Chances are you've heard that men and women communicate differently! And you've probably heard statements like: Women talk more than men; women are more verbally skilled than men; men talk about actions and facts while women talk about feelings; men use language in a competitive way while women use it in a cooperative way; blah, blah, blah, But what if someone told you that all of those statements were false? Oxford language professor Deborah Cameron has written a book called The Myth of Mars and Venus. In an excerpt appearing in the Guardian, she explains that there is so much false information out there, we've absorbed it as absolute truth.

In 2006, for instance, a popular science book called 'The Female Brain' claimed that women on average utter 20,000 words a day, while men on average utter only 7,000. This was perfect material for soundbite science - it confirmed the popular belief that women are not only the more talkative sex but three times as much - and was reported in newspapers around the world.
The problem? It wasn't true . A professor of phonetics looked into the numbers behind the author's claim and found that they were based on "pure guesswork." The soundbite was much-publicized; the retraction that came late was a little less so.

Cameron goes on to explain that a psychologist named Janet S. Hyde, who specializes in meta-analysis, wrote an article about gender similarities. Scientists believe that one study on its own does not show anything: Results are only considered reliable if a number of different studies have replicated them. Hyde reviewed a large number of studies concerned with all kinds of male/female differences, aggregated the results, and came up with a number — a formula, d, — indicating the size of the overall gender difference: Looking at the chart (there's a PDF here), the last column indicates whether the figure given for d is an effect that is very large, large, moderate, small, or close to zero. (Still with me?) And in almost every case, the overall difference made by gender is either small or close to zero.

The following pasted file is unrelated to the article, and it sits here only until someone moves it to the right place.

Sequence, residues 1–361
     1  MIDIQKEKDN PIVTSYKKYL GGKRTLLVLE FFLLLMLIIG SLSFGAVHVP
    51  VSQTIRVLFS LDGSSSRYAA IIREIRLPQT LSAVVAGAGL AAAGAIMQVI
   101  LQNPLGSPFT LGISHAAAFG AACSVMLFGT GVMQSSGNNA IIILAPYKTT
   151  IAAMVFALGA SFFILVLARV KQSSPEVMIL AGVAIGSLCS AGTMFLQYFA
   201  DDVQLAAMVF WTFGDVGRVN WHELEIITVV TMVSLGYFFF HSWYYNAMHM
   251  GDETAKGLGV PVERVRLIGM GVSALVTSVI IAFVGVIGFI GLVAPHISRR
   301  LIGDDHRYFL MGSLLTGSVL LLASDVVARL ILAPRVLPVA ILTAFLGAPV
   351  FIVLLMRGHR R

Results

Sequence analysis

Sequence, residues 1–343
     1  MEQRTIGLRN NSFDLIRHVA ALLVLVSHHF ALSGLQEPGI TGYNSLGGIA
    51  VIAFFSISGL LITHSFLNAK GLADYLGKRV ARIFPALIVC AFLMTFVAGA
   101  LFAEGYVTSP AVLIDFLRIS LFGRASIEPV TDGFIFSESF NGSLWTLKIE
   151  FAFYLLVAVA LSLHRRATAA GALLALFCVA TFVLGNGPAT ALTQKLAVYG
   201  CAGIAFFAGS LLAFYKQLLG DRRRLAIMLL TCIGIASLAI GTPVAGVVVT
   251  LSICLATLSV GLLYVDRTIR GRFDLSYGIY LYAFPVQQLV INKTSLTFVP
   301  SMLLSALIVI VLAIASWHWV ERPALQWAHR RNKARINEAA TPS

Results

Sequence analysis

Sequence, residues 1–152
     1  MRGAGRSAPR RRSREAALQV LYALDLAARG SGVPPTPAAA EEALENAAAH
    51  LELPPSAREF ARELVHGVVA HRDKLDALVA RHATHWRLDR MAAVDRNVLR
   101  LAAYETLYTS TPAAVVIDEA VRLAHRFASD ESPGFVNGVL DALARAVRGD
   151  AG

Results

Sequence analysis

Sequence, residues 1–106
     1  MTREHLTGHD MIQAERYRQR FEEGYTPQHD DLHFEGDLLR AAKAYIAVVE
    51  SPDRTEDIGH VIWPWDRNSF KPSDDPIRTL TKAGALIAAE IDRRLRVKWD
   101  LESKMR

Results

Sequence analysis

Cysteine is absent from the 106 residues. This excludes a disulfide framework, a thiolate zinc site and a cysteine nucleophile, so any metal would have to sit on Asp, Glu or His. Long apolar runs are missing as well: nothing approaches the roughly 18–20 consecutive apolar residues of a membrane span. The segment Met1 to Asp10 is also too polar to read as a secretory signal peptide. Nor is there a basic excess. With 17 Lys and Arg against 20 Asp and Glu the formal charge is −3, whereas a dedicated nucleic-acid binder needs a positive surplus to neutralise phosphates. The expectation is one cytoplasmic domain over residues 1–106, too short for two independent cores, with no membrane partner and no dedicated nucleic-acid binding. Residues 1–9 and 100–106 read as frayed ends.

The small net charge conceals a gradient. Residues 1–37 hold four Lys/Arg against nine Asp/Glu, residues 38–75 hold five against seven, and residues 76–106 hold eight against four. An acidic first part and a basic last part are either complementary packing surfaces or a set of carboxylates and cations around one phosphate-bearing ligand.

Two items — spelling accuracy and frequency of smiling — show a larger effect - but it is still only moderate. In other words, hundreds of studies, hundreds of participants, hundreds of men and women, and the difference between their results was, very often, close to zero. So why do we still believe that there is a vast chasm of communication between the sexes?


In relation to men and women, our most basic stereotypical expectation is simply that they will be different rather than the same. We actively look for differences, and seek out sources that discuss them. Most research studies investigating the behaviour of men and women are designed around the question: is there a difference? And the presumption is usually that there will be. If a study finds a significant difference between male and female subjects, that is considered to be a "positive" finding, and has a good chance of being published. A study that finds no significant differences is less likely to be published.
Cameron adds:
If it does not reflect reality, why is the folk-belief that women talk more than men so persistent? The feminist Dale Spender once suggested an explanation: she said that people overestimate how much women talk because they think that, ideally, women would not talk at all.
Sounds about right to us.

What Language Barrier? [Guardian]